When disaster strikes, will federal data be safe?
- By Rutrell Yasin
- Jun 04, 2013
Federal agencies are grappling with an unprecedented growth in data at the same time that backup solutions are nearing capacity, a situation that could hamper efforts to recover data in the event of an emergency.
Moreover, agency officials are not testing their disaster recovery solutions as often as they should, raising questions about their preparedness for a natural disaster or man-made incident, according to a survey of 150 federal defense and civilian IT managers in a new MeriTalk report.
5 steps to preparedness
- Get an honest, clear assessment of the DR environment.
- Share assessment with leadership to increase its priority.
- Use DR experts to design and implement a complete plan that includes technology, people and processes.
- Test regularly and often.
- Re-assess as data is constantly growing.
Source: MeriTalk Survey: "Disaster Unpreparedness"
The study, “Disaster Unpreparedness,” reveals that federal IT professionals lack confidence in their data resilience and disaster recovery capabilities. Although 70 percent of the IT professionals give themselves high marks — an “A” or “B” — in data backup and disaster recovery preparedness, only 8 percent are completely confident that they could recover 100 percent of the data subject to service-level agreements in the event of a disaster.
Almost half of the IT professionals think their agency’s current data resilience and disaster recovery (DR2) solution is sufficient for the next 12 months, while one quarter believe their solution will get them through the next 12 months but not beyond. The average agency has 51 percent capacity left in its current backup solution, according to the report, which was underwritten by NetApp and SwishData.
Insufficient testing also poses a major concern. IT managers said their agencies tested disaster recovery solutions on an average of 2.5 times in the last 12 months, while most of the respondents recommend their agencies test on an average of 5.3 times per year. Most respondents said lack of budget prevented them from testing more often; others reasons for insufficient testing were lack of support from mission owners and incomplete testing solutions. Still, 61 percent of the IT managers said their agencies tested DR2 without any impact or interruption to production systems.
The growth of mobile devices poses more challenges because agencies are finding it difficult keep up with the demand to integrate them within their current disaster recovery systems. IT managers estimate that only 53 percent of data stored on mobile devices could be reliably restored to meet the requirements or their service-level agreements.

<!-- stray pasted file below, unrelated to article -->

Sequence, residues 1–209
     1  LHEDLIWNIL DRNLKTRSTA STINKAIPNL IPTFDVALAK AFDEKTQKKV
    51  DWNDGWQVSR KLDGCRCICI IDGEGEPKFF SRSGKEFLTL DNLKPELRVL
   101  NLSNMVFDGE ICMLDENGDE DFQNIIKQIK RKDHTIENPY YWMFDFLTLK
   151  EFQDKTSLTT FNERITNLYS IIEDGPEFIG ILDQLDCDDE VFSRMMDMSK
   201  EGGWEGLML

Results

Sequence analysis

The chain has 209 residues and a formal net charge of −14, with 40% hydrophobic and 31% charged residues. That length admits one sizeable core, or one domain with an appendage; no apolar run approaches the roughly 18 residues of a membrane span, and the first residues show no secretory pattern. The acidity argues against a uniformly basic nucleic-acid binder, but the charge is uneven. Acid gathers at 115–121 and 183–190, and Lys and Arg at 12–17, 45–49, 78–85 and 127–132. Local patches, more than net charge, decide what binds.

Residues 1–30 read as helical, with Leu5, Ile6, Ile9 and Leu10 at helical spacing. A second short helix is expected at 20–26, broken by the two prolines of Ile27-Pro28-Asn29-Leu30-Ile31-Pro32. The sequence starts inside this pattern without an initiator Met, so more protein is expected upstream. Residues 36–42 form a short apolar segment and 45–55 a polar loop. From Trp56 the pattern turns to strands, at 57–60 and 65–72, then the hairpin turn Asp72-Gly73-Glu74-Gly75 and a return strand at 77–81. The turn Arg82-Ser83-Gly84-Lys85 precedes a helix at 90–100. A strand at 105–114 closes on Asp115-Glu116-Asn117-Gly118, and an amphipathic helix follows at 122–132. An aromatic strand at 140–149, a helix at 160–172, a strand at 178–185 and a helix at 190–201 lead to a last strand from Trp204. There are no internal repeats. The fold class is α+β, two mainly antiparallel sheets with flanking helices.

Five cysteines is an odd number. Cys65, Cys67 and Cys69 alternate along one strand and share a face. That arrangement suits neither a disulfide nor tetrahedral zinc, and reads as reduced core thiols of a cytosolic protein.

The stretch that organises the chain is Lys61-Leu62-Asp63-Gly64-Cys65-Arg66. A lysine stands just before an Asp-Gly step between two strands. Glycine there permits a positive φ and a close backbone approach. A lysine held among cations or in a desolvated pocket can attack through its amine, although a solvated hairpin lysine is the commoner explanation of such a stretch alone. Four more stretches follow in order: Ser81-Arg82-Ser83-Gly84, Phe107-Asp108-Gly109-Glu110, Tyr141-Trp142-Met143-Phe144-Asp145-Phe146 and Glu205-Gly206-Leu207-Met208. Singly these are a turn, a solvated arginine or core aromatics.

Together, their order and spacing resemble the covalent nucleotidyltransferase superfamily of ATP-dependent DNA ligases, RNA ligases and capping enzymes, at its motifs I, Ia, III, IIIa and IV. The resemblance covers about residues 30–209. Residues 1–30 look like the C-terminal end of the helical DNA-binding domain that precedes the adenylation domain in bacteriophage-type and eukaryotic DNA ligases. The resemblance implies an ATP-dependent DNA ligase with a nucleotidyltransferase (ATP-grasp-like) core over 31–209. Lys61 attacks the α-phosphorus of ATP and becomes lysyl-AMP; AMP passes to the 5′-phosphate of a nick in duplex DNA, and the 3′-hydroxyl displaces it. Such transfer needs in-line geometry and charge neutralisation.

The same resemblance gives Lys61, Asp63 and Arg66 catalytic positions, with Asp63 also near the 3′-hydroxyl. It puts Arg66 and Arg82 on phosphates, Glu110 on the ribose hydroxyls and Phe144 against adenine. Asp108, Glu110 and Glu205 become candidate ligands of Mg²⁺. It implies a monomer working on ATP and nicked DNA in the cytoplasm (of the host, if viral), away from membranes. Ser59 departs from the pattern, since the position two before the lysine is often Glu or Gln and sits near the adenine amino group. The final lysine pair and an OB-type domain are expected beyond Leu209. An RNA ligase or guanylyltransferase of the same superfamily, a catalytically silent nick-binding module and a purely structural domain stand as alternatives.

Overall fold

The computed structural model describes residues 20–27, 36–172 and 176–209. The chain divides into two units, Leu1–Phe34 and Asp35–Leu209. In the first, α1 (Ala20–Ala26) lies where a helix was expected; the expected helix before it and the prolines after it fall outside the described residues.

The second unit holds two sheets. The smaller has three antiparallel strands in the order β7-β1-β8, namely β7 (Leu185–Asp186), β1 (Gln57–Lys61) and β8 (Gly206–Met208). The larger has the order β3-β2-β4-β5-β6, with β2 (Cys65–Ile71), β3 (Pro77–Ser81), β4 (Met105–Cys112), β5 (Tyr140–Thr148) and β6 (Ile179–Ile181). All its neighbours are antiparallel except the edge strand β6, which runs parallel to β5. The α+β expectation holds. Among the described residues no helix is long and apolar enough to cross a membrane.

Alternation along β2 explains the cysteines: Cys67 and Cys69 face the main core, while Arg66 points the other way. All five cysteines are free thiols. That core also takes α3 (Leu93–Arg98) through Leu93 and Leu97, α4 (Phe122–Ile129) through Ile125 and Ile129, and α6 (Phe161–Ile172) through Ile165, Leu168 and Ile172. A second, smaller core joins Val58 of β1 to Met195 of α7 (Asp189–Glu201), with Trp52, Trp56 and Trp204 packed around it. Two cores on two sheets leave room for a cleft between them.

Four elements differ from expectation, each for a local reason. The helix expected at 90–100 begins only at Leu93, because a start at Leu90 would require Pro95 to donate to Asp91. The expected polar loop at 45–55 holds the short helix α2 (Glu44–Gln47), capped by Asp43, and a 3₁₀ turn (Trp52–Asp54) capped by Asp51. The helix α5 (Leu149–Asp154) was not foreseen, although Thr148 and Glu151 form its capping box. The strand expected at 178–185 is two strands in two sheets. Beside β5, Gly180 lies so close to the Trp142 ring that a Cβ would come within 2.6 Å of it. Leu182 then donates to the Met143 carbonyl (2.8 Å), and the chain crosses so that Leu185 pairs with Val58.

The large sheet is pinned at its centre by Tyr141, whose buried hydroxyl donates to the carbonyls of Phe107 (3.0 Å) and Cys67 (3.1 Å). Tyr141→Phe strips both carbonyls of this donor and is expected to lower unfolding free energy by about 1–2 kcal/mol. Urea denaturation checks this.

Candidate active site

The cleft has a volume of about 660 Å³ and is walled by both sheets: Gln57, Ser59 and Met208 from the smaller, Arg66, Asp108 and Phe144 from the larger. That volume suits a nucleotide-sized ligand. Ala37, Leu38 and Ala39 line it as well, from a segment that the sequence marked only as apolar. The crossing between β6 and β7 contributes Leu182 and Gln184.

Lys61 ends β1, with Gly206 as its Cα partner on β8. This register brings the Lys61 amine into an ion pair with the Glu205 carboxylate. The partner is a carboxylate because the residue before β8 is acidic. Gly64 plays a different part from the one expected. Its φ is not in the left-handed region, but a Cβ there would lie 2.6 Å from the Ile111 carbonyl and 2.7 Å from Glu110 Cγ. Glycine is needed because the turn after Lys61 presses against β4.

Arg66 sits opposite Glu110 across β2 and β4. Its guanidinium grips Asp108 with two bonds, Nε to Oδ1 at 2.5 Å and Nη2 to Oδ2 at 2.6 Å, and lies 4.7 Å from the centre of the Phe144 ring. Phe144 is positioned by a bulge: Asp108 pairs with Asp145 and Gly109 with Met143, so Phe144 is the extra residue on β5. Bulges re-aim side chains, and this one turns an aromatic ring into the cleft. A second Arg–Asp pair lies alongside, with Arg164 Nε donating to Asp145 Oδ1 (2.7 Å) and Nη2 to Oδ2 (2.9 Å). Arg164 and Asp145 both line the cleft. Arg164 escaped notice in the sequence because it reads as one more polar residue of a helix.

Agencies should be exploring more cloud-based disaster recovery solutions, because relying entirely on on-premise backup solutions could jeopardize government data, the report states. Fifty-nine percent of the agencies do not use any form of cloud-based disaster recovery solutions. Just one in three plan to increase, or start, using off-premise cloud backup in place of on-premise backup. Only 55 percent test their ability to restore data from a second location, the report states.
Interestingly, more than half of the survey respondents said virtualization has had a positive impact on their disaster recovery profile. Virtualization lets organizations decouple data and applications from an underlying physical infrastructure, allowing for more flexibility in provisioning new operating environments and balancing data loads across available resources, according to industry experts.
Virtualized workloads are increasing in government agencies and can have a positive impact on DR2, IT managers say. On average, IT managers expect virtualized workloads to almost double in the next four years, according to a 2012 MeriTalk survey. As a result, agencies need to look for ways to effectively manage disaster recovery in virtualized environments, the report states.
To achieve a more effective disaster recovery posture, agencies should assess their DR environment and perform regular tests, including on-premise and secondary locations, the report recommends. Agency disaster recovery plans should include an assessment of all facets of disaster recovery including people, processes and technology.